China won’t hold drug materials supply hostage against Washington

By Zhou Qing Source:Global Times Published: 2020/2/25 21:23:41

Illustration: Luo Xuan/GT

There has been some noise on social media over the possibility of China hammering the US by not selling it raw materials for the manufacturing of drugs. Such discussions are pointless. China will not interrupt its drug-related exports. Nor should other countries around the world do so. 

Decades of globalization have integrated the healthcare industries of many countries. China has grown into one of the world's largest active pharmaceutical ingredient (API) manufacturers. Many US and Indian drugmakers and biotechnology companies now rely on China for raw materials and manufacturing. 

Almost 70 percent of raw materials that India uses to manufacture drugs are from China, CNN reported last week. If this coronavirus continues for more than a month, it will begin to create a huge number of issues for the pharma sector, Umang Vohra, CEO of India-based generic drug producer Cipla, has been quoted in the report as saying.

The novel coronavirus pneumonia (COVID-19) epidemic has led to city lockdowns and halted production for companies in China, which has created temporary difficulties in global supply chains. However, the country is well aware that, in a highly interdependent world, global drug companies need raw materials from China and Chinese firms needs to import drugs from other countries. The last thing China wants is to cut off the supply chain, which generates products and profit for the country. 

Moreover, the current predicament will not last long. With the efforts of the entire country, China has managed to put the coronavirus in check. Slowly but firmly, the world's factory has fired up its engines. Manufacturing companies in key industries have resumed operations at full capacity. Sinopec was reportedly increasing its medical-grade resin production plan for January and February to 160,000 tons, 45,000 tons more than during the same period last year, to support the manufacturing of injection syringes and masks. Many pharmaceutical companies in provinces other than Hubei returned to work more than a week ago.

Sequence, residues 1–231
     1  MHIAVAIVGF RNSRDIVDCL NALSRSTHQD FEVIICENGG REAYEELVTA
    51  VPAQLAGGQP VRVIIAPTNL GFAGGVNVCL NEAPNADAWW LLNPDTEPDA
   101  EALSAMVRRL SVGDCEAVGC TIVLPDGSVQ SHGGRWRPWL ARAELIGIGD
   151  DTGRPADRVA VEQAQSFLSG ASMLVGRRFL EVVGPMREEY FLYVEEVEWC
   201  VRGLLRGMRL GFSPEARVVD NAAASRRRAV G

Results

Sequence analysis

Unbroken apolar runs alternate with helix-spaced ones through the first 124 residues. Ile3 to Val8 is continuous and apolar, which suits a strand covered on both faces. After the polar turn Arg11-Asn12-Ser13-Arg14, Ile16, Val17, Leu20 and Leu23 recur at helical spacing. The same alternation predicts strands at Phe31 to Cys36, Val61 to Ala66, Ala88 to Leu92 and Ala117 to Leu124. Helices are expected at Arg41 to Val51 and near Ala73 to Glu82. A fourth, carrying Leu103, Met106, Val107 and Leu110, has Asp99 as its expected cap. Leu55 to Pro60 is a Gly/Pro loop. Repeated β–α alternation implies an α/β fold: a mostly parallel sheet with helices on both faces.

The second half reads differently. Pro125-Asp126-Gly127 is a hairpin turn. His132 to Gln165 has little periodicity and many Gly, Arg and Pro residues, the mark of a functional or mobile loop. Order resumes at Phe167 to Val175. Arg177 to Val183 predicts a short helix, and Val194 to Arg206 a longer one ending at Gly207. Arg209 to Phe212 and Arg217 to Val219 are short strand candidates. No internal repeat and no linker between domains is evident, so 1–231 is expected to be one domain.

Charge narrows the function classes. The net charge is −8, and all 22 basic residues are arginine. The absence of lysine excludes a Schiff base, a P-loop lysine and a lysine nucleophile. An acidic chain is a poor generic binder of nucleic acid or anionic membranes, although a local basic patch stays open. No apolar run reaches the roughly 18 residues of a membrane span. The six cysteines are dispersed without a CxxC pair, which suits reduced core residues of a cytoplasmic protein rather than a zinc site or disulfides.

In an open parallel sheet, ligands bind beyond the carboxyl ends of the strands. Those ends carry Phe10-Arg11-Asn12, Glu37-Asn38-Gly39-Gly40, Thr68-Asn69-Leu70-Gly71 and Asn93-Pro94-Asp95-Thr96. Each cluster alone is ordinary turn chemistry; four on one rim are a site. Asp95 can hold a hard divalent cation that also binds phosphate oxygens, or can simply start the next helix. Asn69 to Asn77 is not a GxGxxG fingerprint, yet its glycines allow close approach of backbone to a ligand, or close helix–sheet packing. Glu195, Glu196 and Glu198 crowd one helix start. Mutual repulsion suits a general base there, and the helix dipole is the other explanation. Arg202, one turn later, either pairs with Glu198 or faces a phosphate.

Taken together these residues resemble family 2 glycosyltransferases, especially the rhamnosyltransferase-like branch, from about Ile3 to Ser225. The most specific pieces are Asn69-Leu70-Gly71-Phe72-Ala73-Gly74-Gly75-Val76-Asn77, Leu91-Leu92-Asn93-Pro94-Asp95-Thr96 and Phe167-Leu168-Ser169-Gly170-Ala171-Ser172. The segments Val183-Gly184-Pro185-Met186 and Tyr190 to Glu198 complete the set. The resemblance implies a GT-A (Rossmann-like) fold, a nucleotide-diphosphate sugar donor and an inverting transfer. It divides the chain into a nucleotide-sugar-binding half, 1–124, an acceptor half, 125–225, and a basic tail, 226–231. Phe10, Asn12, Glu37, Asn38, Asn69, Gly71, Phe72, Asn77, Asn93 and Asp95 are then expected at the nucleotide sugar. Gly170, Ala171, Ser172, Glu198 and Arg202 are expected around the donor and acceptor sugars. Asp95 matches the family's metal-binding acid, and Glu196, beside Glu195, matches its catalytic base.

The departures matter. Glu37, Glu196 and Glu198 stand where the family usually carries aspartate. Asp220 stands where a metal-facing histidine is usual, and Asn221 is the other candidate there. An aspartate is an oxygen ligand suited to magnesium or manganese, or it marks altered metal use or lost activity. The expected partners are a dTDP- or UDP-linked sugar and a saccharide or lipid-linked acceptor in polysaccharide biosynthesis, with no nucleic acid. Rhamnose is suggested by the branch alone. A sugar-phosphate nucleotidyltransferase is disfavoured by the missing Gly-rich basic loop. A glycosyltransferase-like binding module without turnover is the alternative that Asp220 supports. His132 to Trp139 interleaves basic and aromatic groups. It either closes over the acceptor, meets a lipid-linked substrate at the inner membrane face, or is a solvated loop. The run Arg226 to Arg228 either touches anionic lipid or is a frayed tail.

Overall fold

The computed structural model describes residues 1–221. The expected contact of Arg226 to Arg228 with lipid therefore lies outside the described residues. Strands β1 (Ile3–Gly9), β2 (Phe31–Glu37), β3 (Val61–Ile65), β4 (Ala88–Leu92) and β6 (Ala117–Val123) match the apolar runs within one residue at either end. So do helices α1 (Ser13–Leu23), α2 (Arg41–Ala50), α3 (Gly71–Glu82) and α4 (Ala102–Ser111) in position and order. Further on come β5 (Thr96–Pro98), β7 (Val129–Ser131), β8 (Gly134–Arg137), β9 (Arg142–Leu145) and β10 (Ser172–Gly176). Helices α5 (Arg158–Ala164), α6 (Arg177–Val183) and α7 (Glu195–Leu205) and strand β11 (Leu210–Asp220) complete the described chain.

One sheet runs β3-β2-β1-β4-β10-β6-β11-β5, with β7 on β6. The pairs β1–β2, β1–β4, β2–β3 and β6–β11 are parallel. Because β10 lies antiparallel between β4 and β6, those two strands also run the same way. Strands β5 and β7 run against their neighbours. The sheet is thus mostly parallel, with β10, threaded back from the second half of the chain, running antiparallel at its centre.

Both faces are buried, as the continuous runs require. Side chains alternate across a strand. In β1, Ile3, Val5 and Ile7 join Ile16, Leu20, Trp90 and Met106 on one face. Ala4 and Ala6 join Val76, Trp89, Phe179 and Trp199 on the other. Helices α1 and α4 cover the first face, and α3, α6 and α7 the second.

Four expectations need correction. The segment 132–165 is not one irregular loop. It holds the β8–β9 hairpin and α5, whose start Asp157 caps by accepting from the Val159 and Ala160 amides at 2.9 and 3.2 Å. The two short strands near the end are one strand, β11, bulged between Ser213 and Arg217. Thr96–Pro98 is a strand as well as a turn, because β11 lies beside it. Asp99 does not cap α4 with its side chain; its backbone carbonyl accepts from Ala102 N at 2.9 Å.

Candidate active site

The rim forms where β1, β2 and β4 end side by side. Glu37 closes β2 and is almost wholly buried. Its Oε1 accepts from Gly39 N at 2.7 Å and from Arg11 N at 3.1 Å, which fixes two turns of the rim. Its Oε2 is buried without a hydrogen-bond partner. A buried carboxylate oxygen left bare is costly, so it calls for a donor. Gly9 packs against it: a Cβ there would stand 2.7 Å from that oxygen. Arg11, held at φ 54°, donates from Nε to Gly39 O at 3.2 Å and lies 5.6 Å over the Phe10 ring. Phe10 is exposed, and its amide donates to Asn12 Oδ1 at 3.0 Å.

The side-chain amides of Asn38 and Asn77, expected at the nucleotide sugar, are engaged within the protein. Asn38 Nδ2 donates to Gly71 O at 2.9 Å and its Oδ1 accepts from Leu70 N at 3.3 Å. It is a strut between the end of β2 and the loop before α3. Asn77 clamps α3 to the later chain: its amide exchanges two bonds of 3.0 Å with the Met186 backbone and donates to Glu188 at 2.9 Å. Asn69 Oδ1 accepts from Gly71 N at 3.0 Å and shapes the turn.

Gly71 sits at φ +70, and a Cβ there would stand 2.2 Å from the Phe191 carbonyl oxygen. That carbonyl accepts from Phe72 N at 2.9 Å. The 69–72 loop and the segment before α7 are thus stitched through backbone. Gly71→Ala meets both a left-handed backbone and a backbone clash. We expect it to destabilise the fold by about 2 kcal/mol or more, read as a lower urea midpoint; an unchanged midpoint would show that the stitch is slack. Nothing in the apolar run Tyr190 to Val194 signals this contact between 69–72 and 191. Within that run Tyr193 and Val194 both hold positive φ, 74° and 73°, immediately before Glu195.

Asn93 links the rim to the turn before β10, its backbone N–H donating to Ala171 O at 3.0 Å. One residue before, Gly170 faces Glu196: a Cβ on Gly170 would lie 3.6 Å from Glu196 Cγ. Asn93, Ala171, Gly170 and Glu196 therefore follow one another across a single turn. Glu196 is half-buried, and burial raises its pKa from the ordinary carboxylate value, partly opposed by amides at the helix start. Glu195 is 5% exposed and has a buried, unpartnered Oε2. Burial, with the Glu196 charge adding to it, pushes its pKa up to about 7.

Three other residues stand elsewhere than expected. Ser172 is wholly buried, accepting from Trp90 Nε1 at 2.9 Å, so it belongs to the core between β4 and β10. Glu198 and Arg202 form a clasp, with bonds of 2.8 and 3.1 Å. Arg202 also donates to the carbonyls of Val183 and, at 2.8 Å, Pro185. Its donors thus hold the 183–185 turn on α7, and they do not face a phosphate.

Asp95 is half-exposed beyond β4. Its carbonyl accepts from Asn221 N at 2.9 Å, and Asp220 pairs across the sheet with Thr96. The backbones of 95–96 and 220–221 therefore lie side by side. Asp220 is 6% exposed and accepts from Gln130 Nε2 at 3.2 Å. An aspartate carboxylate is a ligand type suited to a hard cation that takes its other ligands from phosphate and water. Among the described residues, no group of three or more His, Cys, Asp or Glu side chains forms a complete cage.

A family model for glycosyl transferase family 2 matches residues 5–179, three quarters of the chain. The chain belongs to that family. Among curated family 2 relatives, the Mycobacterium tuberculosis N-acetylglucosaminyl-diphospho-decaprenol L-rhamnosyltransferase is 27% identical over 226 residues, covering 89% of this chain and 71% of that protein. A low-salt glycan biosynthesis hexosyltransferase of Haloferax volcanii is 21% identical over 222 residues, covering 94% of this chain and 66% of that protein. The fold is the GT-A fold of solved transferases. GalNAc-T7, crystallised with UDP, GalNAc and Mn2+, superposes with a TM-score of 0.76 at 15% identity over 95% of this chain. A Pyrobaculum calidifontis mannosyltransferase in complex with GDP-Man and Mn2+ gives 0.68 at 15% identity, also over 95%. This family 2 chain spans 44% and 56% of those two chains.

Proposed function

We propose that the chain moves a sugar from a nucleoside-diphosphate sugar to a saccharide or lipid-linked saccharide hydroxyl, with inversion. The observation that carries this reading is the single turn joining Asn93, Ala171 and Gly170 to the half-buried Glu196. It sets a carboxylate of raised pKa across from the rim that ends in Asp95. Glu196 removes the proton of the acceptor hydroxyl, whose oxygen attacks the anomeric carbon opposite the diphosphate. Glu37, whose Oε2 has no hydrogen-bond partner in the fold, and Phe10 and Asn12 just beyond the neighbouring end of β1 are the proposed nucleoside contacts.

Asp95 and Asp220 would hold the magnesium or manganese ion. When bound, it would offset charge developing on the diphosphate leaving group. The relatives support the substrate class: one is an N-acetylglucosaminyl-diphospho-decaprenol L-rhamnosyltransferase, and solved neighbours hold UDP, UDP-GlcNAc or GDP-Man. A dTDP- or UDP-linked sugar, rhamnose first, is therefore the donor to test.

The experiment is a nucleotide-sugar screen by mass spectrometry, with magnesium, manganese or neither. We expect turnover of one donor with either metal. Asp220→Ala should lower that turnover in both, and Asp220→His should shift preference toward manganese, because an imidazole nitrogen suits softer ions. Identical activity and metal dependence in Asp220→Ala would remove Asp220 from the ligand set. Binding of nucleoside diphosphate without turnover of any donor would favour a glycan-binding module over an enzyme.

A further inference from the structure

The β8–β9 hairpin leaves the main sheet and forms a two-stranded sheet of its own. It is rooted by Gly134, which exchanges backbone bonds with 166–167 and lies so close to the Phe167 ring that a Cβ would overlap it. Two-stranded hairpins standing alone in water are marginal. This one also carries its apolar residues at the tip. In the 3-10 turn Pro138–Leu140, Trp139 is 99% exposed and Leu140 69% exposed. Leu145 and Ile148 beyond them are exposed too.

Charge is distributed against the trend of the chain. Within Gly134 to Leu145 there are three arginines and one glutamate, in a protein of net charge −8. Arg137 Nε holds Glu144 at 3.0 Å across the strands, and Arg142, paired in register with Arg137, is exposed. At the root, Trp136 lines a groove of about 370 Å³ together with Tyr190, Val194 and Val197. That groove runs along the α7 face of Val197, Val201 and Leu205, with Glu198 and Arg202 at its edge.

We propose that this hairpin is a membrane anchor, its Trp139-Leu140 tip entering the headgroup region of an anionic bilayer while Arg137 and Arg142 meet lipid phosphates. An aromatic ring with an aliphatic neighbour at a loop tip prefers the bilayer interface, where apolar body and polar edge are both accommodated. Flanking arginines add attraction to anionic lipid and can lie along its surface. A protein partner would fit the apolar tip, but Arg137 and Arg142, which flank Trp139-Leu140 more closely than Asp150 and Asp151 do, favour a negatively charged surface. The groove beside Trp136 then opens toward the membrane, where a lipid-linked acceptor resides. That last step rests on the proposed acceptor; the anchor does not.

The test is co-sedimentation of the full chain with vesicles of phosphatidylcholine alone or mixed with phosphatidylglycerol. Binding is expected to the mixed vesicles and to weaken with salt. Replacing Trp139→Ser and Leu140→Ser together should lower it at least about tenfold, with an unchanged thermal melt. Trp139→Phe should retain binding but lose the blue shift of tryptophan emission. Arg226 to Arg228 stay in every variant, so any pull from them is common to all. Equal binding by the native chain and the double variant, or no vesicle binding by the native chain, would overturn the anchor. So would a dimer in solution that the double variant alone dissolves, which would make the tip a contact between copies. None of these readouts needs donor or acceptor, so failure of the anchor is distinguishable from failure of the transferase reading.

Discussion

But it takes time for supplies to restore their original levels. China has to first meet domestic demand for equipment and medicines to combat COVID-19. Moreover, Hubei, which is an important source of raw materials for drugs, is the epicenter of the epidemic, remains under lockdown and faces delayed production. 

Despite these hardships, China will not intentionally hold back its exports of medical ingredients. The country has the incentive to hold its position in the healthcare industry supply chain, which has taken it many years of hard work to achieve. Chinese companies are also incentivized to continue selling their products to generate profits. The only barrier right now is the epidemic, which will be a short-term shock. Supply and demand will again be balanced as companies gradually resume operations. Those advocating that China will punish the US by interrupting its API supply do not understand economics. 

The measures China has adopted to quell the virus have been effective and timely. We have seen a glimpse of victory and the country has begun to return to normalcy. There is no reason to exaggerate the temporary supply shortage by calling it a Chinese strategy. This rhetoric, which only attempts to cause panic and cut China out of the global healthcare supply chain, should not be heeded in any shape or form.

The author is a reporter with the Global Times.


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